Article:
Aptly named ‘UPHEAVAL’, the exhibition opens a new chapter in the history of the Kunsthalle Mannheim. “Coming as a new director, it was important to me that the direction the Kunsthalle would take would be more diverse and global, stemming from different biographical perspectives,” he explains. “Diversifying the voices that speak within such an institution entails looking in different directions; and, therefore, to tell different stories,” Holten adds. His goal was to connect the power of art to the power of the people, through a curatorial change that would reflect the turmoil outside of the Kunsthalle and the community’s concerns, while establishing a fuller understanding of art history. “This is why the exhibition includes such a vast array of artists coming from different cultural and artistic backgrounds,” he points out.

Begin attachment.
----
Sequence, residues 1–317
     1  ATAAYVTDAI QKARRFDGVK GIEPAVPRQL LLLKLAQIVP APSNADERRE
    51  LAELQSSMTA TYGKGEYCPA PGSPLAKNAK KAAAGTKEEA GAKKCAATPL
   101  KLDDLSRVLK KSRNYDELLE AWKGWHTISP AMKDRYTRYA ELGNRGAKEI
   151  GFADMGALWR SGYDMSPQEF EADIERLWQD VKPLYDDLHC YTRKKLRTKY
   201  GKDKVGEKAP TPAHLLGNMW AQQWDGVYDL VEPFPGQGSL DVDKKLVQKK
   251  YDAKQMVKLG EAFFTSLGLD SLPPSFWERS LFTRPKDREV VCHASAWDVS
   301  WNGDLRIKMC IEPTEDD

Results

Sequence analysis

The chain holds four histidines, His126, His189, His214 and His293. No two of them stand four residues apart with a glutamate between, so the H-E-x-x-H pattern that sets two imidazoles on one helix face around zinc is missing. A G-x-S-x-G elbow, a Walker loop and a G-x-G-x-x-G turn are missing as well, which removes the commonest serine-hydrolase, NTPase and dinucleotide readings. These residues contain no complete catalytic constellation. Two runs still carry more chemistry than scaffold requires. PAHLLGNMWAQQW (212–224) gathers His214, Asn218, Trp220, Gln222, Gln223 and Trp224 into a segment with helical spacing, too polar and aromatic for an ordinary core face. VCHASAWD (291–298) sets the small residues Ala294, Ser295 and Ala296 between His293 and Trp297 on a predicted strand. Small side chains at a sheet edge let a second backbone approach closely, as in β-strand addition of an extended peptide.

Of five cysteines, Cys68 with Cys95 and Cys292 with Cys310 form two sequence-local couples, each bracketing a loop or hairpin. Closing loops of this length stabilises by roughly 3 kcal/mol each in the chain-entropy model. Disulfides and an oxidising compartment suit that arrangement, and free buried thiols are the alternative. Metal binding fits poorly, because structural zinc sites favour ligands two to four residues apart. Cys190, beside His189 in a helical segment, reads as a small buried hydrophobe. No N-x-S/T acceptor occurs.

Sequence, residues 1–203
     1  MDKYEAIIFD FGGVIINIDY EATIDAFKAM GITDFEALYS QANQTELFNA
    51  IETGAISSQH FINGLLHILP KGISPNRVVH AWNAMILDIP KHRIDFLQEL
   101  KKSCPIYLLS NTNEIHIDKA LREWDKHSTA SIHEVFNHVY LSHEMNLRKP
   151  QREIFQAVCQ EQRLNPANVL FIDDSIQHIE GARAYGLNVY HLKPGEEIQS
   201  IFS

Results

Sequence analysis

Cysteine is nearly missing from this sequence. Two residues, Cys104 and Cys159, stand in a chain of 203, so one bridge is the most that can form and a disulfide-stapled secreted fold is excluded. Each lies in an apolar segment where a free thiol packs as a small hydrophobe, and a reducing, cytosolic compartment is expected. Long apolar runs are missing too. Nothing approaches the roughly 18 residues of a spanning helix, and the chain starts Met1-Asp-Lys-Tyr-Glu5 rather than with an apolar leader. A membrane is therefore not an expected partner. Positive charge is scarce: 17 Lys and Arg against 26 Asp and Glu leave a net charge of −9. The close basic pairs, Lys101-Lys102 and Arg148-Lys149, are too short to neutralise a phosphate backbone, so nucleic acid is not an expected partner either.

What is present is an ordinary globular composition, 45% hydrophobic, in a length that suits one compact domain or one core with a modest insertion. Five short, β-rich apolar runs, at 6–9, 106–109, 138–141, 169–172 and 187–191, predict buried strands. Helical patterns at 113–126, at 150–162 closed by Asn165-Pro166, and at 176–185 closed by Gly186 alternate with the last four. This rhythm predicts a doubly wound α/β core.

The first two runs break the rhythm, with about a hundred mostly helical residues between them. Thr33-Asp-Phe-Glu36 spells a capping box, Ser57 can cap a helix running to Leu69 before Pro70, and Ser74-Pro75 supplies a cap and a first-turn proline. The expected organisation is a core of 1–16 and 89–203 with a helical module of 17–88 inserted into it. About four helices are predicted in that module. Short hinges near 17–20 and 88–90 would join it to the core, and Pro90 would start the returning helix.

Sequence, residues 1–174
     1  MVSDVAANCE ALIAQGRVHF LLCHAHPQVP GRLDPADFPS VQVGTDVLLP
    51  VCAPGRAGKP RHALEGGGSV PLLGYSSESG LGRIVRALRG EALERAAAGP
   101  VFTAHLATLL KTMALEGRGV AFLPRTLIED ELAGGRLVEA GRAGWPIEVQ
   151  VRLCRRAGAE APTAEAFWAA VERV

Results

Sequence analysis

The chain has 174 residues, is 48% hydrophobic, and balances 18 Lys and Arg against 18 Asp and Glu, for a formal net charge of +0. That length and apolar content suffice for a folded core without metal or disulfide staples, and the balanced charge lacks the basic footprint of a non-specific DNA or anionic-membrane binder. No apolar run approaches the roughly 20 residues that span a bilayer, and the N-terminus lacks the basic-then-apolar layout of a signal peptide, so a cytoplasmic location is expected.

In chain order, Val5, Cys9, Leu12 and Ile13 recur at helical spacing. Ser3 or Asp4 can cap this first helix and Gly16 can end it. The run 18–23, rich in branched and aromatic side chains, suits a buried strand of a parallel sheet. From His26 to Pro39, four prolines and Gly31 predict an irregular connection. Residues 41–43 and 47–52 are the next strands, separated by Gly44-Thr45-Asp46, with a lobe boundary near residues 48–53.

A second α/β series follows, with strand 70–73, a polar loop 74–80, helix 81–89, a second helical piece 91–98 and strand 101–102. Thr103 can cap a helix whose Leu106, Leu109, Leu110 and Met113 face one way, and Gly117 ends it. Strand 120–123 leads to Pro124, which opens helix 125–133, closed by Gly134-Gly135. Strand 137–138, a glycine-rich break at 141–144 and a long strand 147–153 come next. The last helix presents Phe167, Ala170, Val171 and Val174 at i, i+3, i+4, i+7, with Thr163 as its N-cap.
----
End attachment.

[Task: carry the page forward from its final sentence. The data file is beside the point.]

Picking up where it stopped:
The space of the Kunsthalle Mannheim is emblematic of Holten’s revision. “It is about a new way of engaging with space,” he tells us. The change is visually supported by new exhibition architecture: scaffolding traversing the three focal sections of the show forms walls, platforms, and ramps. “They are not defining spaces but open structures where you can create exhibition architecture within. Each stands up at an angle and is an expression of the unfinished, something that is still becoming,” explains Holten. The scaffolding acts as a framework for the different works of art, a connector that unifies them conceptually. The clash of mediums—painting, video, and sculpture—displayed was a conscious choice: “my intention was to show that you may use different formats to express a direction. If you aim for diversity, you’ll find it across different eras, realities, and types of works,” Holten shares.